Tag Archives: Clay Shirky

Adrian Monck: A response to Clay Shirky on newspaper paywalls

Adrian Monck argues against Clay Shirky’s post earlier this week on the broken business model of newspapers, in particular the success of paywalls for financial news sites.

Their survival is ‘based around a professional community, no around the value of information per se’, writes Monck.

Full story at this link…

Clay Shirky: The old model’s broken – don’t try to replace it

“‘If the old model is broken, what will work in its place?’ To which the answer is: Nothing. Nothing will work. There is no general model for newspapers to replace the one the internet just broke,” writes Shirky.

The problem that publishing fixed – reducing the cost and difficulty of making information available to the public – has stopped being a problem because of the internet, he adds. As such it’s becoming less relevant to talk about ‘a publishing industry’.

Full post at this link…

Online Information 2008 kicking off now

Clay Shirky, author of ‘Here Comes Everybody’ is the keynote speaker at Online Information 2008, a conference designed to bring together technology and content. Here’s a preview of Shirky from YouTube (part one. Part Two here):

We’ll keep an eye on the Twitter reports which don’t seem to have started yet – probably on this tag when they do.

AOP: Today’s television ‘may not be worth sitting still for’, says US author Clay Shirky

Even children can’t concentrate on television anymore, says Clay Shirky, the US-based internet educator, consultant and author of ‘Here comes Everybody: The Power of Organizing Without Organizations’.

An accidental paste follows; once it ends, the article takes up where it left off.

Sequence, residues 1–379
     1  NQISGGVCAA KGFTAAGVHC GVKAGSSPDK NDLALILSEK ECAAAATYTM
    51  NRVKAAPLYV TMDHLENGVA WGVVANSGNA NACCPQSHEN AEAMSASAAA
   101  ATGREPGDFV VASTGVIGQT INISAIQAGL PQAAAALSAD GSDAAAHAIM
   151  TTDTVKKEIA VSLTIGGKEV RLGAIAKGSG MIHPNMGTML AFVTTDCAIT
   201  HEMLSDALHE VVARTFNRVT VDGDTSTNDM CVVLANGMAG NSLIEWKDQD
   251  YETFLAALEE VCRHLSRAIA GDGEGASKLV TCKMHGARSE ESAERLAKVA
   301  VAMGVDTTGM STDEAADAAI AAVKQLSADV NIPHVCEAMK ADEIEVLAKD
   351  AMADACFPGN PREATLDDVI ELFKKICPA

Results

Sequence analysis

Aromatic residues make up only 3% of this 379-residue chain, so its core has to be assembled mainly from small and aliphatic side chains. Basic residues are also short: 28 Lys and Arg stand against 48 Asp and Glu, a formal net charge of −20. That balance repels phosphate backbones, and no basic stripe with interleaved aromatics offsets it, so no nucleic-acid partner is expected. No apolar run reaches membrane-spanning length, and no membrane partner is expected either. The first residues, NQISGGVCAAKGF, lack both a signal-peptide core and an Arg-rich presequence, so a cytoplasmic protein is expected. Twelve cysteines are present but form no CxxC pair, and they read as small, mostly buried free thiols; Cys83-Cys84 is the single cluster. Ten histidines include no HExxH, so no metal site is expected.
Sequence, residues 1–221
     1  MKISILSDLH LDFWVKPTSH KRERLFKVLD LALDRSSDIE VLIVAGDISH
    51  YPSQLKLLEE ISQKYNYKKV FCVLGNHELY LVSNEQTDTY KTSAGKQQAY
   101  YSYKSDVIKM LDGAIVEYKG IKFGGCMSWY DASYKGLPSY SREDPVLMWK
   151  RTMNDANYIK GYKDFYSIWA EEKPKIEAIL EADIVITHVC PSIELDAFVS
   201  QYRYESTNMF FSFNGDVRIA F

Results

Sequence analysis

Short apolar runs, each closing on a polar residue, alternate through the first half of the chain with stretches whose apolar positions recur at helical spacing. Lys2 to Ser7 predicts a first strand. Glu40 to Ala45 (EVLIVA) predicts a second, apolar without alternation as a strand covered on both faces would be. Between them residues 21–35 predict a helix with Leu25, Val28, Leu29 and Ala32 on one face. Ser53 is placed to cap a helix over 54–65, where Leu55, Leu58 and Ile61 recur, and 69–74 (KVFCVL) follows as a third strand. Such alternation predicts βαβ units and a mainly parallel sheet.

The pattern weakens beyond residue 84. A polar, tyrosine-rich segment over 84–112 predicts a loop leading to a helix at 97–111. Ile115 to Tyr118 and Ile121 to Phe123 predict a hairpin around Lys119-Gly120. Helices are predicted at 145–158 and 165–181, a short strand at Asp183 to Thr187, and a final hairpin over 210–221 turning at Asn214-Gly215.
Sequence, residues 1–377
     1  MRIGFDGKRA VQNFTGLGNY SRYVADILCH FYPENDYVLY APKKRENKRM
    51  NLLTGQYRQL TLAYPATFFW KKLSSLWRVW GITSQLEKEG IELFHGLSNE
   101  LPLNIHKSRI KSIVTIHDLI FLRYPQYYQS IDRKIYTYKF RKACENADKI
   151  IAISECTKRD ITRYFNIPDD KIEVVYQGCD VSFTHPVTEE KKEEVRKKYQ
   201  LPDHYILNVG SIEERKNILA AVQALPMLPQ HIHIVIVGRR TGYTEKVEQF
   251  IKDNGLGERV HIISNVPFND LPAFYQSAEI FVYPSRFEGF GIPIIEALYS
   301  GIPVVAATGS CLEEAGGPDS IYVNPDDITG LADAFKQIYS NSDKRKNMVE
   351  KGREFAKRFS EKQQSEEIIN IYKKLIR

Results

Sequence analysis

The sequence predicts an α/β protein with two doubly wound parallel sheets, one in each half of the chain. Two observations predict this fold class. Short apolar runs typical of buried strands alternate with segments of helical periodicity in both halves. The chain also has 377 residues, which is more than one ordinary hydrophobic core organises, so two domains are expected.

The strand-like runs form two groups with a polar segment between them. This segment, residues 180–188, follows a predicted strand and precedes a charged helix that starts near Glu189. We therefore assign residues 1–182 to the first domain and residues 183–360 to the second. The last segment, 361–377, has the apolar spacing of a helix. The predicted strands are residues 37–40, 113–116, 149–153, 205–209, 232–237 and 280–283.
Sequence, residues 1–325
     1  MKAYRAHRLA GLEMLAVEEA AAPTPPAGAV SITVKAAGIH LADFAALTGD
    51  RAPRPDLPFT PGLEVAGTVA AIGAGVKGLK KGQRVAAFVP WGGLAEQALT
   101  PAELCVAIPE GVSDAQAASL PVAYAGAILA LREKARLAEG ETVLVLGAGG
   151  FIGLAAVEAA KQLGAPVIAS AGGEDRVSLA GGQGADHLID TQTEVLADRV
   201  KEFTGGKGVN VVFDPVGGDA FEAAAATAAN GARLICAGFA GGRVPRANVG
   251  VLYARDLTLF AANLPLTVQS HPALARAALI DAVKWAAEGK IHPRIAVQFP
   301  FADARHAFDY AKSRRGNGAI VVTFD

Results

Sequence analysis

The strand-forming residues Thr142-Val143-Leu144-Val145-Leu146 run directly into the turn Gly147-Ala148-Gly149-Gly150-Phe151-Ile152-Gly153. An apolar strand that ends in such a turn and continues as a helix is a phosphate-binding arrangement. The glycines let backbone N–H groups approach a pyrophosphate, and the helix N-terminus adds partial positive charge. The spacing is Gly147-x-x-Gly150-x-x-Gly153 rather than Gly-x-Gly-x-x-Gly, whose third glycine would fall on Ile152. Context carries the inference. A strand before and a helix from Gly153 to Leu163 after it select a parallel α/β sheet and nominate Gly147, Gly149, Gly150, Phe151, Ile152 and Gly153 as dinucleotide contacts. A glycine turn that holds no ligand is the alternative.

In his speech at yesterday’s AOP Digital Publishing summit Shirky told an anecdote about the four-year-old daughter of one of his friends watching a film: “[S]he jumps round behind the TV and [starts] rooting around in the wires, looking for the mouse.”

Today’s television ‘may not be worth sitting still for’, but the computer is for everything.

The problem for media professionals is that the industry still holds the perception that everyone sees publishing in the same way, he explained.

But, he said, citing the example of Flickr, material may be ‘in public but [it’s] not for the public. The cost of putting something out in public has fallen so low.’

“This is a reversal of the usual pattern,” he said. ‘Gather and share has been the usual pattern [of publishing] since time immemorial’, but now grouping comes first.

He split his talk into three categories: the sharing culture of Flickr; the collaborative nature of Wikipedia; and the collective action of internet groupings, citing the use of a Facebook group to force HSBC to reverse its decision on withdrawing students’ interest-free overdrafts.

These examples, he said, show the ‘the environment that’s coming’ and a need to re-think the model’.

“If you wait to hear what the business model is you will hear that your competitors have perfected it,” he said.

Shirky compared today’s media trends to London’s 17th-century gin craze: at first people didn’t know what to do with what they were consuming, but they then learnt how to share, collaborate and collect.

“The action is where people are going after the consumers. Not just consuming, but producing and sharing.”